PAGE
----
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2017-08-28 15:26:02
Pricing a Disaster: Markets Are Signaling That Hurricane Harvey Won’t Crush the Economy

Hurricane Harvey is a disaster of monumental proportions that will destroy vast amounts of property and upend millions of peoples’ lives. But it also appears that the overall economic toll, at least for the United States as a whole, will be modest. And that surprising fact offers important lessons about how the modern economy works.

That benign view of the economic impact of the storm is the immediate verdict of financial markets Monday, which showed no signs of expectations that there will be broad ripple effects.

The stock market was essentially flat at midday. Bond prices are also little changed; if investors expected lasting damage they would most likely would have bid up bond prices, seeking safety and anticipating a slower pace of interest rate increases from the Federal Reserve.

And despite the Texas Gulf Coast’s central role in American energy production, oil prices are not exhibiting the kind of spike they did after Hurricane Katrina in 2005; the price of West Texas intermediate crude fell Friday and Monday.

Gasoline prices are a different story, having risen because of refining capacity being shut down amid the storm. But the 9 percent rise in the price of gasoline futures in the last week is the kind of swing that happens routinely, and has brought price only back to around their late-July level.

This subdued reaction from Wall Street may seem surprising. After all, Houston is the fourth-largest American city and is at the center of a metropolitan area with economic output of half a trillion dollars a year. The New Orleans metro area economy, devastated by Hurricane Katrina 12 years ago, is one-sixth as large. And the economic consequences for Texas indeed look likely to be severe, as Houston and the Gulf Coast face years of rebuilding.

But when you pick apart the ways a disaster — even a huge one — can affect the overall economy, it becomes clearer why financial markets and economic forecasters are so sanguine.

Disruption to production and supply lines. The Gulf Coast is a center of oil drilling, refining, and chemicals manufacturing. The details of how those industries will be affected are not yet clear, and the possibility of damage to production and distribution facilities is real.

There are likely to be power outages, and there is already severe flooding of roads and other transportation infrastructure. Industrial facilities themselves may be damaged by floods. But one thing that the Hurricane Katrina experience, among other disasters, has showed is how effective modern corporations are at overcoming those kinds of logistical challenges.

In the early days after that disaster, there were fears about disruptions to incoming supplies of coffee and bananas and about Midwest grain normally exported via barges down the Mississippi River. If you look at the overall data from that year for those and other affected commodities, though, there’s not much evidence of any lasting problems, reflecting the ability of corporate supply chain and logistics managers to find other ways to get products to market.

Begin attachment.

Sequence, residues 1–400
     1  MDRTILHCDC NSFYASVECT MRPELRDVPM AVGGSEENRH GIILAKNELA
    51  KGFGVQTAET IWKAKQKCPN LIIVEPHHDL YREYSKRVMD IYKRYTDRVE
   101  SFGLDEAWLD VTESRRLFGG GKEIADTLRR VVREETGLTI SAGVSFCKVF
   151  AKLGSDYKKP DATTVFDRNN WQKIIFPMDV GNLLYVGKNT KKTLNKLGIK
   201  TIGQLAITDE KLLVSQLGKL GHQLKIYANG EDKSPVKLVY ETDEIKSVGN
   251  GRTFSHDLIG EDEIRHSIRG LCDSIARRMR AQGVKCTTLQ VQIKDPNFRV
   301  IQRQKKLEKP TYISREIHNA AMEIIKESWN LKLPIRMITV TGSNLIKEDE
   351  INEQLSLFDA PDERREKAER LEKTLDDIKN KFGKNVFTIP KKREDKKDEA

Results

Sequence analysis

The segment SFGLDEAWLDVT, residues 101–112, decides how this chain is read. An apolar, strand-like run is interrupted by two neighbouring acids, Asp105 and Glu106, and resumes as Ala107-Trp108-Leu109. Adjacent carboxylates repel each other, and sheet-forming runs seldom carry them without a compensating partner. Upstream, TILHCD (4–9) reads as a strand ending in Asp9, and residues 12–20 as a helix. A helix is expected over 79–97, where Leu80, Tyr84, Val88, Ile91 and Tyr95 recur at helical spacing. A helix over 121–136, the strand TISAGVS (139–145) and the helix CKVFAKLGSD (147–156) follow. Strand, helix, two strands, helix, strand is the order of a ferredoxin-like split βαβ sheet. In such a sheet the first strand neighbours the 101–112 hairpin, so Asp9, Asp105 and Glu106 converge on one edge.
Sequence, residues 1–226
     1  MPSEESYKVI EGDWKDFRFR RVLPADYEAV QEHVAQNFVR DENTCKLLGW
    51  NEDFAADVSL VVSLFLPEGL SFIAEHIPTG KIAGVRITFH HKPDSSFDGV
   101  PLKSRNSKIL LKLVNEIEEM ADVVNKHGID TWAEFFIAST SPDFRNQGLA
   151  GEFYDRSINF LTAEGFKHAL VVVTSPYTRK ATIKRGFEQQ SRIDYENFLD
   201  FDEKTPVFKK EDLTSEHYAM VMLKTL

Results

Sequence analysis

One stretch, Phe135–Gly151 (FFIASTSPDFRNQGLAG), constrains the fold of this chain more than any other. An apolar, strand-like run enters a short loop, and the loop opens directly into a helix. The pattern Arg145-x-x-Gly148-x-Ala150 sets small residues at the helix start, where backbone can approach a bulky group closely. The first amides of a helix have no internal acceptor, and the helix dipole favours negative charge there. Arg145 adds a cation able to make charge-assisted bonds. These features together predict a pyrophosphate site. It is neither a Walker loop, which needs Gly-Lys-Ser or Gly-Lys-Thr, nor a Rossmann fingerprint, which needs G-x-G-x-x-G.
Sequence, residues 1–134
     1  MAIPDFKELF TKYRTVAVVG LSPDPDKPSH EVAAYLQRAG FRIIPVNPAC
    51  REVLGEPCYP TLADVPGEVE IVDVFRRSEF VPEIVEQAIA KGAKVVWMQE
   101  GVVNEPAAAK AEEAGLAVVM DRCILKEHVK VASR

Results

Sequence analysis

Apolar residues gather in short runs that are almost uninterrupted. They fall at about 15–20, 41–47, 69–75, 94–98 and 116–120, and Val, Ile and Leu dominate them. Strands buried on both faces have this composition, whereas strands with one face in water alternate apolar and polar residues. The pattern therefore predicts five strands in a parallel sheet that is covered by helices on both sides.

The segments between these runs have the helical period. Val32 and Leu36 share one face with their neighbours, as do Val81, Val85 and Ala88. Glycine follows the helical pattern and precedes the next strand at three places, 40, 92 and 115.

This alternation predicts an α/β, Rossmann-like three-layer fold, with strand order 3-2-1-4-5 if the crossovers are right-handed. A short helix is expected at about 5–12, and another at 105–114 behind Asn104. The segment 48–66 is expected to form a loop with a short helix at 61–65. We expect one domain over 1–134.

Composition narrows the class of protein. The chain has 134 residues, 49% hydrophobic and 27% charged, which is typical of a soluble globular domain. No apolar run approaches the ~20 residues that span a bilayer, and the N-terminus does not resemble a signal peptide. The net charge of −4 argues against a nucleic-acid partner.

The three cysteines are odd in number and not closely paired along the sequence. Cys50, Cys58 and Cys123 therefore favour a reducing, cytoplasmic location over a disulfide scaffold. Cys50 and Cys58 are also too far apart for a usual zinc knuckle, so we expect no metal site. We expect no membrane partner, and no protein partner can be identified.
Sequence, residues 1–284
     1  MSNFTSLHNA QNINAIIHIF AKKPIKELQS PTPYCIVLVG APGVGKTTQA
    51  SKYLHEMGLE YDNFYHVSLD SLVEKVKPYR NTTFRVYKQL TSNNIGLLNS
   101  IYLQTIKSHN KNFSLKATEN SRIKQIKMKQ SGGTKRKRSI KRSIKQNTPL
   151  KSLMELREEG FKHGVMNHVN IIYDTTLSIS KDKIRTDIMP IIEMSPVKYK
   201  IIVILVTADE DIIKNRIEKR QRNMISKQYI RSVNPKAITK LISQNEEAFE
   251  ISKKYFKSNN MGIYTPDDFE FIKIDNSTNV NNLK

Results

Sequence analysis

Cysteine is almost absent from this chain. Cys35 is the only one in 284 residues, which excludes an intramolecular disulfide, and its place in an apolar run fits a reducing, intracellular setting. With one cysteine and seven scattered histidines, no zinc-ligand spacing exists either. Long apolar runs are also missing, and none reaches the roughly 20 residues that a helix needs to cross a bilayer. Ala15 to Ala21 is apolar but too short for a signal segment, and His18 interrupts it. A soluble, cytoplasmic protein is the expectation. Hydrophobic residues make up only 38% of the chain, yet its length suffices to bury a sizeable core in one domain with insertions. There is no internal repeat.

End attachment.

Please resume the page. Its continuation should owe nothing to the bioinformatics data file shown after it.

Financial losses. In theory, a natural disaster could deliver such severe losses to insurers, banks or other financial institutions as to cause broader economic problems.

There’s not much evidence of that happening because of Harvey for a few reasons. Home insurance policies generally do not cover flooding, which means the severe flood damage should have less impact on insurers’ payouts than you might expect. For many individuals, the financial losses from flooding can be devastating. But the possibility of the kinds of systemic problems that ripple across global financial markets appears remote.

Insurers’ balance sheets are relatively strong after years without mega-catastrophes demanding particularly enormous payouts.

Rebuilding costs. One of the paradoxes of disaster economics is that they can actually be good for economic growth, at least the way “growth” is commonly measured.

The need to rebuild or repair flooded buildings in Texas could create a surge in economic output in the state in the months ahead, generating higher growth in gross domestic product. This is a macabre artifact of economic accounting — no one would suggest that people are actually better off when billions of dollars worth of capital is destroyed. But it is how the math works.

If this disaster had happened in a period like 2009 or 2010, when the housing bust had left millions of people — especially construction workers — unemployed, the need to rebuild homes and businesses in Houston might have worked like stimulus spending.

But it’s not 2010 anymore. The unemployment rate among construction workers peaked at 27.1 percent in February 2010, but is now down to 4.9 percent. There aren’t a lot of qualified, idle construction workers. Perhaps the availability of well-paying jobs rebuilding homes in Texas, doing mold remediation work, and other tasks that will be in high demand could even coax people into the labor force who have been on the sidelines. In that case, the effort that goes into rebuilding Houston may create a bit of a boost to G.D.P., even if much of it comes at the cost of economic activity elsewhere.

The storm continues to wallop the Gulf Coast, and it’s premature to declare that the economy is in the clear. But the initial evidence suggests that the human damage is far greater than the economic damage.